Faculty Spotlight on Clyde JohnstonClyde Johnston’s pedigree in golf is extensive; after all, not everybody can say that their father helped launch the career of one of the greatest golfers the game has ever seen. Before his father, C.B. “Johnny” Johnston, became a PGA professional, he was the first golf coach at Wake Forest College (WFC). Johnny left in the middle of his college career at WFC to serve his country in the Air Force during WWII. After he returned, he assumed the role of golf coach during his senior year, and when he graduated in 1947, he stayed on as coach and Assistant Athletic Director.
Perhaps the only person in history to successfully convince a football coach to give up one of his scholarships, Johnny began recruiting good golfers to WFC. His search led him to Buddy Worsham, whom he selected to receive the scholarship. Worsham accepted on the condition that WFC give his best friend a scholarship, too. If Worsham’s best friend was anybody else, this would be a rather pointless story, but, as luck would have it, Worsham’s best friend was Arnold Palmer.
Johnston recalls a spectacular childhood memory, “One evening when I was about 10 or 11 years old, my Dad told me I needed to be home the next day at a certain time. He was having a guest over and he wanted me to meet him. I arrived at the appointed time to find out the guest was Arnold Palmer, who by that time had already won 2 Masters Tournaments. I think that was the moment I began to love golf.”
Would it be fair to say that without that fateful one-for-one scholarship, the world may have never known Arnold Palmer? We’ll never know. But what we do know is this: Johnny was a PGA pro in the Carolinas Section for about 30 years, and he had a hand in shaping the last century of golf by helping two golf greats get their start: Arnold Palmer, and Johnny’s son, golf course designer Clyde Johnston.
As the Golf Course Design instructor at PGCC Hilton Head, Johnston, a Houston native, has carried on a tradition of golf in his family that started long, long ago. “I basically grew up in golf. My father was a PGA golf professional, so I started playing golf when I was very young.” While Johnston played competitively in junior golf, high school, and even his first year of college, playing golf professionally did not call to him, not the way design did. Johnston shares, “My father dabbled in golf course design. He designed about six courses in his ‘amateur’ design career, and it was through those efforts that I became interested in golf course design.”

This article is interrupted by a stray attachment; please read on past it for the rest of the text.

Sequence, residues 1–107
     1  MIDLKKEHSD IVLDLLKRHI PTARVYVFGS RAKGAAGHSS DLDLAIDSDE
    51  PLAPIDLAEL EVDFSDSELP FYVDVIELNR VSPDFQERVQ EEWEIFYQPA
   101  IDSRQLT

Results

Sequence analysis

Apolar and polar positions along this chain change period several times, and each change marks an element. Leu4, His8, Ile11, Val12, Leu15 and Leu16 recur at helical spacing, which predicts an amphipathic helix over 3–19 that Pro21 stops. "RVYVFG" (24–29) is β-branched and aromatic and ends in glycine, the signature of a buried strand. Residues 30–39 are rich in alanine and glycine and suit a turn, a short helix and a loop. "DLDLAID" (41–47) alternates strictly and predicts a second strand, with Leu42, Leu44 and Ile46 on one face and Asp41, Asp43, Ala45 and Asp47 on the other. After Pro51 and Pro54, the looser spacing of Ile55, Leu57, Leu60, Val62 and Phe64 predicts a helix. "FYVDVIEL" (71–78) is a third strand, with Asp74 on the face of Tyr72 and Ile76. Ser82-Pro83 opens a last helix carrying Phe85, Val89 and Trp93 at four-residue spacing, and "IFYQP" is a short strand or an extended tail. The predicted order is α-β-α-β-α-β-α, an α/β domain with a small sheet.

The way many sons decide early on that they want to be “just like Dad,” Clyde observed his father at the drafting table and was fascinated. “He had a drafting table in the basement and I would go down and watch what he was doing. He taught me all about topography, reading maps, drawing, and golf course design strategy.” Johnston continues, “One night when I was about 13 years old, he was working on a layout and he looked up at me and said ‘You know, you can make a living designing golf courses.’ My jaw dropped – it had never occurred to me but I was immediately smitten with the idea and decided on the spot that was what I wanted to do in life.” And that was it; Johnny called around to some architects he knew and inquired about what a young person would need to do and study to get into golf course design. The results were basically unanimous: work on golf course maintenance crews, get some construction experience, and get a degree in Landscape Architecture.
Johnston began working in the golf design industry in 1973 as a summer intern for golf course architect Willard Byrd out of Atlanta, Georgia, and then returned as a full time employee the following year. Along the way, he spent time working with the likes of Gary Player and Ron Kirby, but eventually returned to Mr. Byrd’s office after a few years. “This is my 40th year in the golf course design business. I formed my own company in March of 1987 to provide golf course design services in the Southeastern United States. In total I’ve worked on over 120 golf course designs (new designs and renovations) with my own firm and working for other golf course architects.” He earned his Bachelor Degree in Environmental Design and Landscape Architecture and, in his words, “The rest of what I know about golf course design, I attribute to my father’s teaching, apprenticing for Willard Byrd for 13 years, and my own research and studies on golf course design.”
Still after so many years, he’s not tired of any of it. Johnston, who was President of the American Society of Golf Course Architects (ASGCA) from 2003-2004, is celebrating his 40th year in the design industry, and 4th year as a Golf Course Design instructor at PGCC. After joining PGCC in the spring of 2009, he’s had his share of gratifying moments. One stands out in particular: “My proudest moment as an instructor was when a student told me that after taking my class, he looks at golf holes when he’s playing golf in an entirely different manner in that he understands more about golf course design.”